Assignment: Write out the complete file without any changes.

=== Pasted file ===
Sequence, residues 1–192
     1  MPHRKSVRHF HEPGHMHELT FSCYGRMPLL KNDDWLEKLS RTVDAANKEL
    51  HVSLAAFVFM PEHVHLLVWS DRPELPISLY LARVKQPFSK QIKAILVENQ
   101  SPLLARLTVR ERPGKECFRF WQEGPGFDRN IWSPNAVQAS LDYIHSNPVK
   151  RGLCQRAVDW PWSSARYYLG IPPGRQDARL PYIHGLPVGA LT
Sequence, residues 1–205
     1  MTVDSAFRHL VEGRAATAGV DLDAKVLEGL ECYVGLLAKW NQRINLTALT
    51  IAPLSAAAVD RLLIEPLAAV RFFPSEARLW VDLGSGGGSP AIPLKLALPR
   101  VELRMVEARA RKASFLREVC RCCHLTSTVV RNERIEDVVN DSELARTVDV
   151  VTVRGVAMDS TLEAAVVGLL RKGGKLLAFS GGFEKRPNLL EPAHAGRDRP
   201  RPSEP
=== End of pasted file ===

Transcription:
Sequence, residues 1–192
     1  MPHRKSVRHF HEPGHMHELT FSCYGRMPLL KNDDWLEKLS RTVDAANKEL
    51  HVSLAAFVFM PEHVHLLVWS DRPELPISLY LARVKQPFSK QIKAILVENQ
   101  SPLLARLTVR ERPGKECFRF WQEGPGFDRN IWSPNAVQAS LDYIHSNPVK
   151  RGLCQRAVDW PWSSARYYLG IPPGRQDARL PYIHGLPVGA LT
Sequence, residues 1–205
     1  MTVDSAFRHL VEGRAATAGV DLDAKVLEGL ECYVGLLAKW NQRINLTALT
    51  IAPLSAAAVD RLLIEPLAAV RFFPSEARLW VDLGSGGGSP AIPLKLALPR
   101  VELRMVEARA RKASFLREVC RCCHLTSTVV RNERIEDVVN DSELARTVDV
   151  VTVRGVAMDS TLEAAVVGLL RKGGKLLAFS GGFEKRPNLL EPAHAGRDRP
   201  RPSEP